Tom already made me screw my face up by way of his opening sentence, where he mentions that he’s returned to my blog after many years – and then proceeding to list the problems he has with me and other writers.  It’s hard to understand how one could have his opinions shaded in one colour or another towards my work if he’s been removed from my blog articles for an extended period of time (especially since this blog has only been active since early 2011). My published articles for the overwhelming majority don’t contain much more than training content – much less editorial pieces like the ones on my blog, so they’d be of no help in this department.  Nevertheless, he must know what he’s talking about.

My blog article entitled “Why Fitness is a Dying Industry” (Found here) seems to have rubbed Tom the wrong way, likely cascading an air of negativity, cynicism and pessimism as my outlook towards the industry that I (and maybe Tom?) have chosen to be a part of.  What Tom didn’t include was the rest of it. The entire section devoted towards overturning the popular culture machine. The part about taking matters into one’s own hands and becoming educated on training methods using the same mediums though less frequented (like the internet).  The rest of the article title that doesn’t stop at simply “Why Fitness is a Dying Industry”, but rather adds “And what you can do to save it”.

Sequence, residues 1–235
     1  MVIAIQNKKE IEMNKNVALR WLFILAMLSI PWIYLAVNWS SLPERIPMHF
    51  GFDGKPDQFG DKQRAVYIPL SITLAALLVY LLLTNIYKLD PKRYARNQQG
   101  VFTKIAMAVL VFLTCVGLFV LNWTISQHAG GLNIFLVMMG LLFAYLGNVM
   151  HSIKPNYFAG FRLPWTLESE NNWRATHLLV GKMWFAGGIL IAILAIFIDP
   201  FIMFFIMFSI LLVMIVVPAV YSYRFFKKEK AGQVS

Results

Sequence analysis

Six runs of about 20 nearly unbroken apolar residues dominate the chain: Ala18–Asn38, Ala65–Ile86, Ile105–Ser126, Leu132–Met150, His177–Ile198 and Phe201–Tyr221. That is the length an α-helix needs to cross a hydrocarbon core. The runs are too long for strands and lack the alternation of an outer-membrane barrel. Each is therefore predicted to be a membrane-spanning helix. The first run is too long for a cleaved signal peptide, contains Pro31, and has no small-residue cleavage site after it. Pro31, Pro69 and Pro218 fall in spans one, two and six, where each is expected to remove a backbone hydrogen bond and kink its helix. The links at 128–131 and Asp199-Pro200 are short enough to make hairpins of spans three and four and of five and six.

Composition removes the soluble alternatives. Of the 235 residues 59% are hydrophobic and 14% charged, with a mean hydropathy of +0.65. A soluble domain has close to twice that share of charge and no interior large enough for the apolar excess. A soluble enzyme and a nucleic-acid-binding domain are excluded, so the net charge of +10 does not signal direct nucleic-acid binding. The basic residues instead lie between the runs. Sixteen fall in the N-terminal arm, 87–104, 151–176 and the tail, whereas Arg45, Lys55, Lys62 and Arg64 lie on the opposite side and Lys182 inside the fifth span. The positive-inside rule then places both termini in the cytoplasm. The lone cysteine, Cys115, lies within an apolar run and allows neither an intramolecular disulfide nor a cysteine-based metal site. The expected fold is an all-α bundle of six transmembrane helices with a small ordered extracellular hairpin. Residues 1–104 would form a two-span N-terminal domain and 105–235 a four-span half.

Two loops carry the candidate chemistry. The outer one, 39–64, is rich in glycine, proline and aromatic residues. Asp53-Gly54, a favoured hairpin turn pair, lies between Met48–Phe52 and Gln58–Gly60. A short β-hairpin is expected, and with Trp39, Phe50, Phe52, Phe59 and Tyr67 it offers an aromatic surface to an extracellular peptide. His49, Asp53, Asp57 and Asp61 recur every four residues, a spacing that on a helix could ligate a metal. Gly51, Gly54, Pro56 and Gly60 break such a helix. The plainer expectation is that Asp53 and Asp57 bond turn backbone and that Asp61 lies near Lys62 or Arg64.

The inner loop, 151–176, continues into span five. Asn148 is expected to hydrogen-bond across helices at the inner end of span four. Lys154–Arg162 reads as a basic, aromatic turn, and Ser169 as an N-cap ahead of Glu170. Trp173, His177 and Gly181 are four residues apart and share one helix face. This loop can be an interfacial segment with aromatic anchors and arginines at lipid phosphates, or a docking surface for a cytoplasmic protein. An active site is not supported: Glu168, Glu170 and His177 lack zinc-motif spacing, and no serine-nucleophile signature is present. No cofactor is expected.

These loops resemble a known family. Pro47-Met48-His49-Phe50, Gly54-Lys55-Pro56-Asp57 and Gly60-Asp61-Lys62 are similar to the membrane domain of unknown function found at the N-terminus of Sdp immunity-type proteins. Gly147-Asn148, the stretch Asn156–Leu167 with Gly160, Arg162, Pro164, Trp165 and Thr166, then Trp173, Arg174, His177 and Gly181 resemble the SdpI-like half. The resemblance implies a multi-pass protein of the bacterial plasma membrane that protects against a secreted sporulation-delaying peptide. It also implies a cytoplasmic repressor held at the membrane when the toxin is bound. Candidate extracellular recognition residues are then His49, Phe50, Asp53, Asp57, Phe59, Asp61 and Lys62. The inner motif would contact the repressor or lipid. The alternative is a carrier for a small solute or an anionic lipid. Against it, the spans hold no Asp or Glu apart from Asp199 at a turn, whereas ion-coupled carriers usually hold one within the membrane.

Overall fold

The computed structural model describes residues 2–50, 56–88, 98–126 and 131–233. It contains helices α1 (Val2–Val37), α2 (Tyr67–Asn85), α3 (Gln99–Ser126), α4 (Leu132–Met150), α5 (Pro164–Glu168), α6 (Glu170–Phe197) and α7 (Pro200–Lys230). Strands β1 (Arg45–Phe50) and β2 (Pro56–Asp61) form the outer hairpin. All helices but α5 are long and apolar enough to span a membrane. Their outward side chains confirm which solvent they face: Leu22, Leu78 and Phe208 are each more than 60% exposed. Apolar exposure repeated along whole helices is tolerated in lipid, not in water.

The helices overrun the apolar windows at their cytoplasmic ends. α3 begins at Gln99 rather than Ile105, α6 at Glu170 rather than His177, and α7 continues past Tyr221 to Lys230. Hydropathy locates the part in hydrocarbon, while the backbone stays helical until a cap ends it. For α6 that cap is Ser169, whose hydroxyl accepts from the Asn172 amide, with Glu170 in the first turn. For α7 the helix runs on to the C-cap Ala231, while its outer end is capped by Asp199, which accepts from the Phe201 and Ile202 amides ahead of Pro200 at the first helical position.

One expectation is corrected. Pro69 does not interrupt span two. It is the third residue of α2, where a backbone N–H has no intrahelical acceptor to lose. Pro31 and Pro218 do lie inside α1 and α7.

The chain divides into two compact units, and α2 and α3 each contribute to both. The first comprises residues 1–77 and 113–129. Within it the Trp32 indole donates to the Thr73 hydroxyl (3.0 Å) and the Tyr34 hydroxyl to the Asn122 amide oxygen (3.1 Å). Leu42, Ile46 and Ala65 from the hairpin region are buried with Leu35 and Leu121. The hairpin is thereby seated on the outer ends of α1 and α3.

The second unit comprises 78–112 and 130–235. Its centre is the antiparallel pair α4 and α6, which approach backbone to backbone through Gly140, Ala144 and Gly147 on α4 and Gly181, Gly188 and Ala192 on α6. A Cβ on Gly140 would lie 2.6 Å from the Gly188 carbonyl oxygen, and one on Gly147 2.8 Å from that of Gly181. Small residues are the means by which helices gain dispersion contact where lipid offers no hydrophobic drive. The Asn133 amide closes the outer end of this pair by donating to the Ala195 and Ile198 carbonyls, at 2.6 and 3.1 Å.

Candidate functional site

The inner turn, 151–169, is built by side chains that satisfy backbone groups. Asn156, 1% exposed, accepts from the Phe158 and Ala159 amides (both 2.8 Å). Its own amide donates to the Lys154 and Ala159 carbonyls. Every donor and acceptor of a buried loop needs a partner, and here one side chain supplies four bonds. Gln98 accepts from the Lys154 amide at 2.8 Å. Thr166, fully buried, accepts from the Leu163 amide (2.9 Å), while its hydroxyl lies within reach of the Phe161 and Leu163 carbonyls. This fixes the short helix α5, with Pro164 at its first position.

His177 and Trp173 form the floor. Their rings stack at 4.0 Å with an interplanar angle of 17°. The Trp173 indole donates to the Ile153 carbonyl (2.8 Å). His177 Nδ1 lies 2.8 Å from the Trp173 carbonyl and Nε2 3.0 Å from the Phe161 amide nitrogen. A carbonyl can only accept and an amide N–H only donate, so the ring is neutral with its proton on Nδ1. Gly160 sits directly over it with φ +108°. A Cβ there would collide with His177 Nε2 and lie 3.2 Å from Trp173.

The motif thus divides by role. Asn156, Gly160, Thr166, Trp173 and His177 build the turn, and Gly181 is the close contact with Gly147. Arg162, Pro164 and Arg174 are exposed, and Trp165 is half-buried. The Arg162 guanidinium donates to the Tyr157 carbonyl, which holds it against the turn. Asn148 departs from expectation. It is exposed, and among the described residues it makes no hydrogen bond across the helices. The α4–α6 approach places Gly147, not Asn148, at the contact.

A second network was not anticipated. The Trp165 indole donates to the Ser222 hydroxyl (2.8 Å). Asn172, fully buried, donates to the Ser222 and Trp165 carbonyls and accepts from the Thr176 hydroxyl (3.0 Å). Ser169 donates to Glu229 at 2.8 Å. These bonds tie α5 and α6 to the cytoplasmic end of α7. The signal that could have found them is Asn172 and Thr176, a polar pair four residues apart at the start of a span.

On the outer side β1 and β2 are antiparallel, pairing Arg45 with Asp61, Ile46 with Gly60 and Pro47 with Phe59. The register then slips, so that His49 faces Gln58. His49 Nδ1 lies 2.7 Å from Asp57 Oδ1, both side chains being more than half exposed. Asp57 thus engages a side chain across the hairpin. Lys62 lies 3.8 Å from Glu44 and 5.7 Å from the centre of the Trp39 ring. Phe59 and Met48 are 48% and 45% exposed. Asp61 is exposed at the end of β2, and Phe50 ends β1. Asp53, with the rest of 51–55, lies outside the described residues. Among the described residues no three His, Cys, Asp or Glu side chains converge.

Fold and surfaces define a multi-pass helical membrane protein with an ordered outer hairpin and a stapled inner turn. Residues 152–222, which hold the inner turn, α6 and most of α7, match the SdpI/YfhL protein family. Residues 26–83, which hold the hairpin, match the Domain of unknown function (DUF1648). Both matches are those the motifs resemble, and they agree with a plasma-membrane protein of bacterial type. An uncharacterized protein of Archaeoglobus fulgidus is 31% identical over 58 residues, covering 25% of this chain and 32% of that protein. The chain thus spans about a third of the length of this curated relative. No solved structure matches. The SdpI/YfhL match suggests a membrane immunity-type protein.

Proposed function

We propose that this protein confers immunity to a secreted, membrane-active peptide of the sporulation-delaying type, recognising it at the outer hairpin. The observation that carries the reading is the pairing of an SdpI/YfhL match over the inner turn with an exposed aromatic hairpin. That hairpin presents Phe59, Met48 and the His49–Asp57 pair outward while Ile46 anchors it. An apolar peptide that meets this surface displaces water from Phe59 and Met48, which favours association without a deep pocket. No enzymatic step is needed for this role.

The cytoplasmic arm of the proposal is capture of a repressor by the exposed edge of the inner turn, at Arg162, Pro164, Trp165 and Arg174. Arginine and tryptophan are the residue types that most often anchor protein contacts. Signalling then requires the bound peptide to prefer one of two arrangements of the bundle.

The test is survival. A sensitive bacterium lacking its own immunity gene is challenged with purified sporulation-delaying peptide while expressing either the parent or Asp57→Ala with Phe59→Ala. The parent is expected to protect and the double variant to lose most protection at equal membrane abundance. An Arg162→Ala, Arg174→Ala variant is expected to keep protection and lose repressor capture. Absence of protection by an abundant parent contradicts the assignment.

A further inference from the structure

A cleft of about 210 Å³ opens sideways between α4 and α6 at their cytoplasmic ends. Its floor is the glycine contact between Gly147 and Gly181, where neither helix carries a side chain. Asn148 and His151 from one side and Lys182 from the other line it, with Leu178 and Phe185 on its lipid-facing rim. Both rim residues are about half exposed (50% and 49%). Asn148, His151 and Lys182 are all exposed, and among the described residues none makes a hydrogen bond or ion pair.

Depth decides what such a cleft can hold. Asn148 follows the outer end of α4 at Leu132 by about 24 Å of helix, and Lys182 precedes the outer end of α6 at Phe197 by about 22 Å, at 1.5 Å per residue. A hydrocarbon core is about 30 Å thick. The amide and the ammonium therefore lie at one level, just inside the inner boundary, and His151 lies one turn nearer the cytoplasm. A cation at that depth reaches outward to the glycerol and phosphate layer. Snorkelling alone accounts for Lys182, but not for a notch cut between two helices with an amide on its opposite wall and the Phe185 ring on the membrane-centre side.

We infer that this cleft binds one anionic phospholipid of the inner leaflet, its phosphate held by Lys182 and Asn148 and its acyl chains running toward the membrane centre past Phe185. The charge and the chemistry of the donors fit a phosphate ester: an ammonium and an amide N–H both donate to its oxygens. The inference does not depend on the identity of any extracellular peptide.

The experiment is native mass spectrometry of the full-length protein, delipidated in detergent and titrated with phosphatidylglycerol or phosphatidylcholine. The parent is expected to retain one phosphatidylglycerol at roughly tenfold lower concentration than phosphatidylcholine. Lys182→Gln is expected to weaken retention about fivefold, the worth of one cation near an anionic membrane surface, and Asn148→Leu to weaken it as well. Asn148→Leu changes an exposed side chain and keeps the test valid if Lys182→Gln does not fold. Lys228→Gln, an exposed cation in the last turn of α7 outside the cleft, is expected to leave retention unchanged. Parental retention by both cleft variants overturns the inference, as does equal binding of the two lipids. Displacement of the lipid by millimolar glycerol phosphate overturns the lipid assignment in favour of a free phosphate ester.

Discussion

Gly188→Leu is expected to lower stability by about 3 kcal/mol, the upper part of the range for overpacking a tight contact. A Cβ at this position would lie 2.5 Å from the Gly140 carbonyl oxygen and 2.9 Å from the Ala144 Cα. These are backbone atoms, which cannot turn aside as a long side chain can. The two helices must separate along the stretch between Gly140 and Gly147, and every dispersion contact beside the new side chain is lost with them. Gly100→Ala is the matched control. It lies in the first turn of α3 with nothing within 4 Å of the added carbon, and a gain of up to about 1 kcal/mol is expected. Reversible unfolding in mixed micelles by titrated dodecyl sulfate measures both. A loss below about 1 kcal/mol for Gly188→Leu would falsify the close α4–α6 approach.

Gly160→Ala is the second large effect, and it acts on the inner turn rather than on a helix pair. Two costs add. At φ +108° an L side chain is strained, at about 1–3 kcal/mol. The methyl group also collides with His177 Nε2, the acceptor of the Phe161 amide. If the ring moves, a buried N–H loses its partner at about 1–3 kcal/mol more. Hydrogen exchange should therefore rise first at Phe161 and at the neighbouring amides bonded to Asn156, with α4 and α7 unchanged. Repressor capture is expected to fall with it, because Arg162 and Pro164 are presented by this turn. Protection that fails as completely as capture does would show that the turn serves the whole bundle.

See, when people either extract the elements of someone else’s work that they have problems with, or flat out stop reading before the piece is finished, it usually comes along with comments based around unsubstantiated opinions and insufficient information.  Adding that to the fact that the piece in question is likely the only piece of mine you’ve read for years, I don’t have much else I can say.